Arts Community Hopes to Put Spotlight on Arlington Art Scene

Cultural arts district status could boost awareness, group says

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    NEWSLETTERS

    Arlington is known for sports and amusement parks, but the city is hoping to raise it's profile when it comes to culture by creating an arts district. (Published Monday, Jul 7, 2014)

    Arlington is known worldwide for its stadiums and theme parks, but when it comes to the city’s music, art and theater scene, many people who live there have no clue it exists. Now, the arts community is working to change that.

    Whether it’s a night out at Levitt Pavilion, a symphony concert at the Arlington Music Hall or a youth summer camp at Theatre Arlington, the arts are very much alive in the American Dream City.

    “It is very vibrant,” said Norman Ussery, executive director of Theatre Arlington. “The quality of talent here is really amazing.”

    Ussery says, unfortunately, not everyone sees that.

    “People have trouble finding out what’s in their own backyard,” said Ussery.

    He says not only are people unaware of the arts opportunities in Arlington, patrons of one particular organization don’t often support the others.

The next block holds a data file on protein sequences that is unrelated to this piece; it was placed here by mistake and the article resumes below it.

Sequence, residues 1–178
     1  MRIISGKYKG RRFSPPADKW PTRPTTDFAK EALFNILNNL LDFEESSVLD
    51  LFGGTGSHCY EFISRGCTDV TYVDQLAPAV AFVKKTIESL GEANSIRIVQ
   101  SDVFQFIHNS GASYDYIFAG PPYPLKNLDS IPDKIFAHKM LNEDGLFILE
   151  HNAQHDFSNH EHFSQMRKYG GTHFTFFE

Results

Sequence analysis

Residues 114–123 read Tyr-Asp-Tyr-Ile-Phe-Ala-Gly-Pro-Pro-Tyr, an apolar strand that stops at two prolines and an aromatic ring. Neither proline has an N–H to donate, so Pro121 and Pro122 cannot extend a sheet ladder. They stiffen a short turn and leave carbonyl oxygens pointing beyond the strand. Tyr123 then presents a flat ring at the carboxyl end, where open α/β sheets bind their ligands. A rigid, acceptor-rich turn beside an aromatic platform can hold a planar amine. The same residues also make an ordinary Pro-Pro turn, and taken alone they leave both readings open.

“Right now, a lot of our patrons have no idea that 100 steps down the street is the Arlington Museum of Art,” said Ussery. “Designation of Downtown Arlington as a cultural arts district will provide focus.”

    For a little more than a year, several arts organizations and the Downtown Arlington Management Corporation have talked about creating a cultural arts district that they could market as a destination.

    “I believe strongly that cultural arts sets us apart from other communities,” said Tony Rutigliano, president and CEO of the Downtown Arlington Management Corporation. “It makes us unique.”

    The team is now taking the first step towards making that happen by recently applying for cultural arts district status from the Texas Commission on the Arts.

    They admit this process won’t catapult Arlington’s art scene to overnight fame. But given time, they’re confident it will help people see Arlington has more to offer than just stadiums and theme parks.

    “It’s going to give people a better understanding of what is available in Downtown Arlington,” said Rutigliano. “And it’s going to help us facilitate the revitalization of Downtown.”

    The group will find out this fall if the district will be recognized by the state.